I don't post much about cooking here on the blog but I do quite a lot of it. We are a family that eats together at home each night and that means a meal to please a family. And while Mr. Brown is actually quite a good cook, the kitchen is most often my domain. For me, it's important to have a variety of herbs and spices available. Many times I use a recipe but often I wing it. Just as important, is having spices that taste good! I've never had a spice go "bad" on me, but I have kept some well-past when they actually added any flavor to the food.
The key when checking your spices for quality is to actually LOOK at them and TASTE them. I have been known to sprinkle a bit of something on a spoon and taste it directly.
McCormick has a simple chart that breaks it down. In addition to giving the basic breakdown on how long spices will last they also provide tips on checking color and aroma and how best to store and handle them to retain their freshness.
If you don't like keeping ground spices around the house in full jars because you don't use them often enough, there are a few things you can do.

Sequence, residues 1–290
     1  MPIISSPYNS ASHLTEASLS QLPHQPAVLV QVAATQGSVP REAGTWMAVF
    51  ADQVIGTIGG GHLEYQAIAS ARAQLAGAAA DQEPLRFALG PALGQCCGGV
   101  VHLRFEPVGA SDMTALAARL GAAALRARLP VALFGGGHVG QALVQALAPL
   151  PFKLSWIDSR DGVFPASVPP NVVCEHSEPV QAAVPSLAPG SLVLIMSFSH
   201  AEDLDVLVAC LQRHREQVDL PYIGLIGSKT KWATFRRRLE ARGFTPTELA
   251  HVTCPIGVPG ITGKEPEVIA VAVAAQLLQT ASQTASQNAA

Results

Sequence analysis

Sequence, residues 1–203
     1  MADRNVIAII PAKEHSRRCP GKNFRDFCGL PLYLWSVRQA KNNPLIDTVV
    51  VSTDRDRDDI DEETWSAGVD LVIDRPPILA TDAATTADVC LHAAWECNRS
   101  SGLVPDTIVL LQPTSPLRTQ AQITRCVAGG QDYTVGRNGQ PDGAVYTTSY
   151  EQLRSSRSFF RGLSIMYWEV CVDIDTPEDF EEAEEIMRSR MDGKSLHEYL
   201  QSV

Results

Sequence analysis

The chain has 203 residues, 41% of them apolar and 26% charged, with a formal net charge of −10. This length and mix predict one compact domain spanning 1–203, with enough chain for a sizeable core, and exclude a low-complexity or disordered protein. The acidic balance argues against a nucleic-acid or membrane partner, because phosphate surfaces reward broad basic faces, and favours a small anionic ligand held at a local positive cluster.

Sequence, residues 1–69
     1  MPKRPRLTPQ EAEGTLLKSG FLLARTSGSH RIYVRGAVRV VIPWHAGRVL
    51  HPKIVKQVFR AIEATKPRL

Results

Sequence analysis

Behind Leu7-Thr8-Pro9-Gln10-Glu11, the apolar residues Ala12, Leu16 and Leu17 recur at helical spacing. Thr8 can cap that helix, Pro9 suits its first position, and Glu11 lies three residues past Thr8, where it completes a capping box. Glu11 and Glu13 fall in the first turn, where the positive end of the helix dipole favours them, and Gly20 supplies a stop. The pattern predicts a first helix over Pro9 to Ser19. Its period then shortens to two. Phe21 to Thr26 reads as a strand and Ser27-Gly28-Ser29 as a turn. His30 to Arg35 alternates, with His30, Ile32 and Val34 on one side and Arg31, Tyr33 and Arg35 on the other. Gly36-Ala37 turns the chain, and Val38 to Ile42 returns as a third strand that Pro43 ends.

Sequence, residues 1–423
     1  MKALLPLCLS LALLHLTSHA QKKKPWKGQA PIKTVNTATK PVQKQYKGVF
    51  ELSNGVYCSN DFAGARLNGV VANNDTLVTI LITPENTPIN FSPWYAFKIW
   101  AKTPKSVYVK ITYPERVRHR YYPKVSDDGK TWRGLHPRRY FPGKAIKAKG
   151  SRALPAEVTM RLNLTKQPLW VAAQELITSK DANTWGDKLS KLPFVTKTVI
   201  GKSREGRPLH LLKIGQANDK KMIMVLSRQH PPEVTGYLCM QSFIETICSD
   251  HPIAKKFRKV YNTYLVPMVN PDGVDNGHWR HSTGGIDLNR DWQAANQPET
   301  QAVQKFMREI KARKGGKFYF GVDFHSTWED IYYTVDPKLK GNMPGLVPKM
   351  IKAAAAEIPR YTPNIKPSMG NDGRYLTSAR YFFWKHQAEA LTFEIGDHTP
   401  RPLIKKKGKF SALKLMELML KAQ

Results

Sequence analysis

1. Buy whole spices and grind them yourself. A coffee grinder works well for this.
2. Try the new McCormick Recipe Inspirations packages of pre-measured spices. I have not tried these yet (I tend to cook enough to buy full bottles!) but it's a great idea. I think I'd like to try the Asian Sesame Salmon. (Thanks to reader Valerie for this great tip!)
If you love spices and want some fabulous high-quality additions to your cupboard, check out the great selection from Penzeys. We are fortunate enough to have one of their actual store-fronts just a few miles away and going in there is heavenly. There are so many wonderful aromas to take in and you can really see and smell the difference in the different varieties.
Personally, I have a set of their glass jars on my wish list along with the Pasta & Salad Seasonings Gift Crate! (*hints for anyone who'd like to buy me gifts!*)
Finally, I know you just read this and you're thinking "Hmmm.... just how old IS that jar of oregano in my pantry?" I can't answer that. But I can tell you that when you buy a NEW jar put the date on the bottom with a permanent marker (or a little sticky label if you have reusable glass jars). Then when you check your cabinets the next time you'll know if that jar is 6 months or 6 years old.